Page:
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Like Riding a Bicycle

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A catch phrase that has no relevance for me because, until very recently, I couldn’t ride a bike. I never learned. You’d have to come up with a different reference for something never forgotten, like kissing.


Learning how to ride a bike is a Kodak moment in just about every child’s personal history, yet in mine it’s lost in a synapse somewhere between first day of school and getting my first period. I don’t remember why no one taught me how to ride a bike when I was a kid. When the subject comes up in conversation, reactions vary from disbelief to sympathy for my having lame parents. I’m sure there are many adults who share my deficiency, but I don’t know any of them.


Growing up, my mother would tell me that she didn’t ride a bike until she was thirteen years old. That landmark came and went for me without ceremony. For ten years, beginning when I was five, we lived on an unpaved dirt road cutting through the side of a mountain—far from suburban sidewalks and newly-paved cul de sacs. My older brother (who also learned how to ski while I was doing I’m not sure what) would return home from an entire day on his bike, parts of his body scraped open and bloody from accidents out on the open road. This could be one reason for the delay.


I remember when I saw E.T. in the movie theater and thought how I never would have made it through the first five minutes of the story, and I would have completely failed at returning the little guy to his home planet. I figured I could never be an actress because I would have to turn down any role that required me to ride a bike, like Katherine Ross with Paul Newman in Butch Cassidy and the Sundance Kid.


My first attempt was when I was nine or twn years old. I was in a friend’s new housing development so it seemed pretty safe. But we were all little kids without parental supervision. On a borrowed bike, I somehow made it out onto a busy street—one with cars on it. I was going pretty fast and no one taught me how to break, so when I approached an intersection I just kept going. I still remember the flash of station-wagon fender missing the front of the bike by mere inches. Thinking back now, I could have died.


Needless to say, I gave up on the idea of two-wheel transportation for another decade.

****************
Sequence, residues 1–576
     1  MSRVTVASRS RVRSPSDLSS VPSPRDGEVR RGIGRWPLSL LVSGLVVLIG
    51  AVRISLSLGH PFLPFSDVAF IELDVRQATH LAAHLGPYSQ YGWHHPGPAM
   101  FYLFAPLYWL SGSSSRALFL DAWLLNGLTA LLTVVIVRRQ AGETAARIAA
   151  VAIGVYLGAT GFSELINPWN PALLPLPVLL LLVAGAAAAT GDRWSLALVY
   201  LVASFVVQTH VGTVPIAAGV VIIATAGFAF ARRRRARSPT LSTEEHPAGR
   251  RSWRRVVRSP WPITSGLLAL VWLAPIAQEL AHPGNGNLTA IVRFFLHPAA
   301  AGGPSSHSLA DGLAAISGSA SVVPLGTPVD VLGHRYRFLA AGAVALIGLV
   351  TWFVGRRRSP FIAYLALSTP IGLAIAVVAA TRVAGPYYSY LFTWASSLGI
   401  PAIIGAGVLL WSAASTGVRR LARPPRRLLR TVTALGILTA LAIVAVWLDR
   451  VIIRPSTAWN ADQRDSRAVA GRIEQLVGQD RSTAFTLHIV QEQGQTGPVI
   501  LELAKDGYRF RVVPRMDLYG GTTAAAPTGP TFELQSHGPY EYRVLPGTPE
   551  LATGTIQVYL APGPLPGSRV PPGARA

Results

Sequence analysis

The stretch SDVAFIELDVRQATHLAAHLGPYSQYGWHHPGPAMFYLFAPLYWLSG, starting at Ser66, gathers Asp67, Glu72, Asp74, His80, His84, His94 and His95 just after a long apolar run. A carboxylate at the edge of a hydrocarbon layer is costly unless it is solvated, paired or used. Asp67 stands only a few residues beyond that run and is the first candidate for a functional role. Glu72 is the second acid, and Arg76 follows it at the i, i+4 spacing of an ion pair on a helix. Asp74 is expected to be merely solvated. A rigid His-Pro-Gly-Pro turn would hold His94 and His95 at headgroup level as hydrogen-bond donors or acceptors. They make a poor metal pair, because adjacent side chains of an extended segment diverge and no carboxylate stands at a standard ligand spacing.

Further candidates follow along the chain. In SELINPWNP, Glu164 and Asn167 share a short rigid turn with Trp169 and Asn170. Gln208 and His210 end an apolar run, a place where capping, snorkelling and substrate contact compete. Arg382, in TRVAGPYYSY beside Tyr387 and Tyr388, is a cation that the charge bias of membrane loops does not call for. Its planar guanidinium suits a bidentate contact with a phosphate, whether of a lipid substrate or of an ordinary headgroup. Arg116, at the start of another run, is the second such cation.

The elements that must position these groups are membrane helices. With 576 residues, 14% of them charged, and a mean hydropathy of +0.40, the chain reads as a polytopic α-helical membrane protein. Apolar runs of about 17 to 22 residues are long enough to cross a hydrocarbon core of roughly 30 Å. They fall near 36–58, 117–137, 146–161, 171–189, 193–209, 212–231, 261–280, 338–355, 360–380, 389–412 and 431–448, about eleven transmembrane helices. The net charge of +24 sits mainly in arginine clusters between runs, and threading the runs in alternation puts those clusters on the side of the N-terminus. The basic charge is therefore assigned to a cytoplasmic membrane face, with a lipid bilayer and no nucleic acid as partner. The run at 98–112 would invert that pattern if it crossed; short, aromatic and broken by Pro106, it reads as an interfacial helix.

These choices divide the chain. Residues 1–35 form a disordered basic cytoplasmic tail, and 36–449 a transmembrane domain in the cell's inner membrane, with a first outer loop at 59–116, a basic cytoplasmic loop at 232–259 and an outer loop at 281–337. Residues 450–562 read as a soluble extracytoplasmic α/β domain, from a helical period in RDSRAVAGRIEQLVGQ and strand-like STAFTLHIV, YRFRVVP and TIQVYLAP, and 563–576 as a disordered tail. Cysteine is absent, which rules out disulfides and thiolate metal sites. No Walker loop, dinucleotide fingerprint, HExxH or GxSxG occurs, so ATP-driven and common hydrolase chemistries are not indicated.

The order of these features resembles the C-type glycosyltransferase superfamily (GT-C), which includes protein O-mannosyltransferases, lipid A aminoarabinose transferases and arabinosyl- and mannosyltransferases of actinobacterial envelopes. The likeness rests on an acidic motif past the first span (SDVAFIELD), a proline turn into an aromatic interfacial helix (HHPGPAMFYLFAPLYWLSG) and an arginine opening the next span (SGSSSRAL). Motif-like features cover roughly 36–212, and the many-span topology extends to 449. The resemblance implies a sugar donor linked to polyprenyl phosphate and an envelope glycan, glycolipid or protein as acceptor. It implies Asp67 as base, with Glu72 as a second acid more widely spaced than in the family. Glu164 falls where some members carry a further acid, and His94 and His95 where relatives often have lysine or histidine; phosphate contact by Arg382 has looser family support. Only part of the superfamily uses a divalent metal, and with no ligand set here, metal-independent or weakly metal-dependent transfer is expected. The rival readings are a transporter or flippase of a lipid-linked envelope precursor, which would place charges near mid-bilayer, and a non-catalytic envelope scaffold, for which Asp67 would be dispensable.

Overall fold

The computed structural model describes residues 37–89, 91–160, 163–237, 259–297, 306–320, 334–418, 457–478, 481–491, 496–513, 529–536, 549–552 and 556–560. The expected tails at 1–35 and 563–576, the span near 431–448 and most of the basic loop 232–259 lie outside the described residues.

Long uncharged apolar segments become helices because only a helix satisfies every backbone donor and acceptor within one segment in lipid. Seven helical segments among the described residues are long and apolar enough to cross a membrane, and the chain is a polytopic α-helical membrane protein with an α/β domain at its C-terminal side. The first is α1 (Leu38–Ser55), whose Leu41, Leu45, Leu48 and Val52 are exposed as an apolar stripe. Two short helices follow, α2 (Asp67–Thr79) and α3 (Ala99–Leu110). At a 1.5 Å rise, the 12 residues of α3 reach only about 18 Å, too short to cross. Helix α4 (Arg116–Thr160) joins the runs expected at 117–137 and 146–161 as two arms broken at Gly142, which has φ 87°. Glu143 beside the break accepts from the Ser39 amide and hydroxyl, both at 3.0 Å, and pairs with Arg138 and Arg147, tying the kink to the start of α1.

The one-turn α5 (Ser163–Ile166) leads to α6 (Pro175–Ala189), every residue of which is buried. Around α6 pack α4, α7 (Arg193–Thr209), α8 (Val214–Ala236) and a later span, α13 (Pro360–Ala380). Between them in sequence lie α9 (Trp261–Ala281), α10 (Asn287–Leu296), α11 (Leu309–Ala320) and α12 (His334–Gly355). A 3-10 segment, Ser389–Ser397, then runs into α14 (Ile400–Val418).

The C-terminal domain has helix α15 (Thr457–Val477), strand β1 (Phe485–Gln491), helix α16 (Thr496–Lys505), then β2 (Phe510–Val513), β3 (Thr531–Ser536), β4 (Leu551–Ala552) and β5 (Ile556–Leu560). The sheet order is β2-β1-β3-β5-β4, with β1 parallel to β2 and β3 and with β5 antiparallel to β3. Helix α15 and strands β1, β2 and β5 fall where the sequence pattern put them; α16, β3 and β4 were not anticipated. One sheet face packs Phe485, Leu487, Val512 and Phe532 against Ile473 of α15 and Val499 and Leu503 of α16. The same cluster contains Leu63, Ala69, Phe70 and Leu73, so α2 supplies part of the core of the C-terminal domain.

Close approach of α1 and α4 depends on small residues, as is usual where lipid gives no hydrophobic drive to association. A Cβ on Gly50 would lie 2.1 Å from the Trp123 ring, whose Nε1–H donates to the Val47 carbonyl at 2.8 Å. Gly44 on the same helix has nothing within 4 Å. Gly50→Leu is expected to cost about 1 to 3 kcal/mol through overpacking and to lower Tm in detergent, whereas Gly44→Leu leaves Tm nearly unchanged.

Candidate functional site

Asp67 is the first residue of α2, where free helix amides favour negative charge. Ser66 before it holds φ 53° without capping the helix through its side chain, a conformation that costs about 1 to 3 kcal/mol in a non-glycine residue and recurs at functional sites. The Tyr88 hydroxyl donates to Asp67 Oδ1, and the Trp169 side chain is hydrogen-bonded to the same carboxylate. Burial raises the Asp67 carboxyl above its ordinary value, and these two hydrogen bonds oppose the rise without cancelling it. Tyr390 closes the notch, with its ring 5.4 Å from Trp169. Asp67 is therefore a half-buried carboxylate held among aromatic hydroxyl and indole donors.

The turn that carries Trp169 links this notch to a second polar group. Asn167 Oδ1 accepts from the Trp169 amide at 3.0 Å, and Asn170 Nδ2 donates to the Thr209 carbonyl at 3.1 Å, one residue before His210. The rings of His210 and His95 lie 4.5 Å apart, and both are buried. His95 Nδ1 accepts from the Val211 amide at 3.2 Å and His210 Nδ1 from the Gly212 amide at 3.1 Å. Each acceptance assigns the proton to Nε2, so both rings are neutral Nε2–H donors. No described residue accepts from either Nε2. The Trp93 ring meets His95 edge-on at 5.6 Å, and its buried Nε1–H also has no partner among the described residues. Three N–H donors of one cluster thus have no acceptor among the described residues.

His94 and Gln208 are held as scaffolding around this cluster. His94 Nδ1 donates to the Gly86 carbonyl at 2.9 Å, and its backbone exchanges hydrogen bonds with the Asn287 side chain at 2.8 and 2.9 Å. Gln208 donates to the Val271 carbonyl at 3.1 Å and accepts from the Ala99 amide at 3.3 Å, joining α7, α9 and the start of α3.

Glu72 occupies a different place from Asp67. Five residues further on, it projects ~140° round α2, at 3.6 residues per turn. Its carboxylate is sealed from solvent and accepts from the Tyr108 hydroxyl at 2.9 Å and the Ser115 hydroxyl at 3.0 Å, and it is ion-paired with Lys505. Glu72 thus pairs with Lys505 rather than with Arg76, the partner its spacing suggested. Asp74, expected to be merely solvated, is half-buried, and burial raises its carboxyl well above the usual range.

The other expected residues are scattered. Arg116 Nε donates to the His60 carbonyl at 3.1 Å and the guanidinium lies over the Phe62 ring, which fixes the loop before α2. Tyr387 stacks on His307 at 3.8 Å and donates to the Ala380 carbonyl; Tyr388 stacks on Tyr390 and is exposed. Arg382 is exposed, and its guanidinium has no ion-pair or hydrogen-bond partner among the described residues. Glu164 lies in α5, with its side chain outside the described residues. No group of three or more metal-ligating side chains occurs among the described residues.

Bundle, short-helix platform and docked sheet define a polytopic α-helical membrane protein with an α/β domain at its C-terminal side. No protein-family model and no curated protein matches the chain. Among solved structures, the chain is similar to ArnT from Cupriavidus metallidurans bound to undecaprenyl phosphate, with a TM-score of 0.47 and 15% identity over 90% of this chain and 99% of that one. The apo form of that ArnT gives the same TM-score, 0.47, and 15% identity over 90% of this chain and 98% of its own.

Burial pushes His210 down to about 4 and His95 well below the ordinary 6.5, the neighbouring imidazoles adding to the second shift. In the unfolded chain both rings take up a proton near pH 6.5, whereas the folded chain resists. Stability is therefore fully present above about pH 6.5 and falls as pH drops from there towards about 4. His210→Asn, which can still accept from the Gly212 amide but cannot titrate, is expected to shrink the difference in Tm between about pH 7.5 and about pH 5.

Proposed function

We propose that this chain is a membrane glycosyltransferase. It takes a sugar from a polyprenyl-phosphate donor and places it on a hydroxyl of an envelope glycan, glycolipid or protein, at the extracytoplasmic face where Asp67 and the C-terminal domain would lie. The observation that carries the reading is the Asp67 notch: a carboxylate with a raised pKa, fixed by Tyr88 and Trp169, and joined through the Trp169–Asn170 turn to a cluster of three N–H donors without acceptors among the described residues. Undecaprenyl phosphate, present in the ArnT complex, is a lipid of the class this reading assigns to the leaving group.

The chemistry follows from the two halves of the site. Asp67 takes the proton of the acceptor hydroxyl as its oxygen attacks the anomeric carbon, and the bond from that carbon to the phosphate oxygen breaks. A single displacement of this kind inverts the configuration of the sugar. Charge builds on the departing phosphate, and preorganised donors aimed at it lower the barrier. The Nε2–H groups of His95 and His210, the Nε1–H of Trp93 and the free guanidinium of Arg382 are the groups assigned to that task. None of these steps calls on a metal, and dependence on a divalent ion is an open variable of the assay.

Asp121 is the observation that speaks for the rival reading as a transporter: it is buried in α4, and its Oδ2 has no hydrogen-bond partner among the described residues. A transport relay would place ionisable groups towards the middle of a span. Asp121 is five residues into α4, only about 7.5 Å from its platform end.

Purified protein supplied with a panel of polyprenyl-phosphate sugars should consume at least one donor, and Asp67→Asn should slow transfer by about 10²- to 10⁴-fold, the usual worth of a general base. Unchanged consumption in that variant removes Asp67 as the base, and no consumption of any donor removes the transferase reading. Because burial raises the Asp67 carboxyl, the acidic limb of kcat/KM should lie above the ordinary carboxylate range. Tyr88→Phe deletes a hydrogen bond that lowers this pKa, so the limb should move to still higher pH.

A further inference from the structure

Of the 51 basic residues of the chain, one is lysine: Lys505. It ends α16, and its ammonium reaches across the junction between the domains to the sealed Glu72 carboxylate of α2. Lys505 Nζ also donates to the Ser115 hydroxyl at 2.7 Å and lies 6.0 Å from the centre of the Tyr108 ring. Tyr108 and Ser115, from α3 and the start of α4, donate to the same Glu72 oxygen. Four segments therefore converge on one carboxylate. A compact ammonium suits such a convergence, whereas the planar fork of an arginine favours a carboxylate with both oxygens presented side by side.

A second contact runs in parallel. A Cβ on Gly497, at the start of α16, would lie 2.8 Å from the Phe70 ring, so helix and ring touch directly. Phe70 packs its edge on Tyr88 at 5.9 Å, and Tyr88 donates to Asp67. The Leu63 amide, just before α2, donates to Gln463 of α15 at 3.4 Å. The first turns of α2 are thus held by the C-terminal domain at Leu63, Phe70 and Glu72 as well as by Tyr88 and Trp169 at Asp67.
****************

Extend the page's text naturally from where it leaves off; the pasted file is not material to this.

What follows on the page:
The next attempt was on a moped. I was vacationing with my dad and his new wife in Cape Cod. They married less than a year after my mom died and, for god knows what reason, rented a house in the same town where my family once owned a summer house. This place was the origin of some of my most cherished memories: learning to swim, learning to play tennis … my first Beatles song on Adam and Peter Cohen’s 45 rpm record player, the green apple spinning around the spindle. I hated my step-mother and everything about this vacation but it was the only way to spend any time with my dad, who had clearly lost his mind.


She wanted to go to Martha’s Vineyard, something we never did as a family because it was considered bourgeois. We took the three-hour ferry ride, during which I failed to remember that the island is car-free but too big to walk. It was when we arrived at the dock to an endless row of bikes that I reminded my dad that I did not know how to ride things with two wheels. Did he recall that he never taught me how to do it? She was very effective at making me feel pathetic and he was too numb to defend me. Broiling with unchecked anger and emotion, I mounted the damn machine and sputtered off down the island, with white knuckles and gritting teeth. I made it halfway to the point before exploding into uncontrollable tears. We ditched the bike and I rode the rest of the way with my dad. I was twenty-one years old.


Another decade slips by without even a thought on the subject.


The next chapter is about two boyfriends who both bought me a bicycle with the intention to teach me to ride. They were charmed by my deprived childhood. Whatever works!


P. came home with a beautiful pink-and-white Schwinn Debutante, circa 1965. His good intention lasted for one day, after which he resumed his daily commute to the city on his bike and never slowed down again to include me. My bike sat in the backyard for another year, rusting down to its core.


C. surprised me with a new bike from Target for Christmas, which we were celebrating together in his new weekend house. I was excited about this because I could learn in the relative safety of country roads. C. was a more patient instructor and together we enjoyed several bike rides in and around the seaside town. By the time spring arrived at our little abode, the relationship was over. It took a very long time for me to erase the vision of his new wife riding my Christmas present, among other things. In all fairness, he did ask me if I wanted it back. Imagining that my bike was already tainted by another woman’s ass, I declined.


Two years ago in Brooklyn, on a whim, I bought a 1960s Phillips roadster from a guy on Lorimer Street. I geared up with a helmet and kryptonite and finally became an urban biker. Scared witless and out of breath, I forced myself to ride around my neighborhood until the nightmares subsided. I’d mostly ride around the park and down to the waterfront.


My baby’s here with me now while we navigate the town’s steeper hills. I’m still not totally comfortable but, without a car or any decent public transportation, she’s more of a necessity than ever before. It took three weeks for the kid in the bike shop to figure out how to repair her gear shift, while she waited patiently alongside shiny new, fully loaded Kona mountain bikes.


I suppose at some point I will need to invest in something more practical for this area, but it will be some time before I move on from my good friend.

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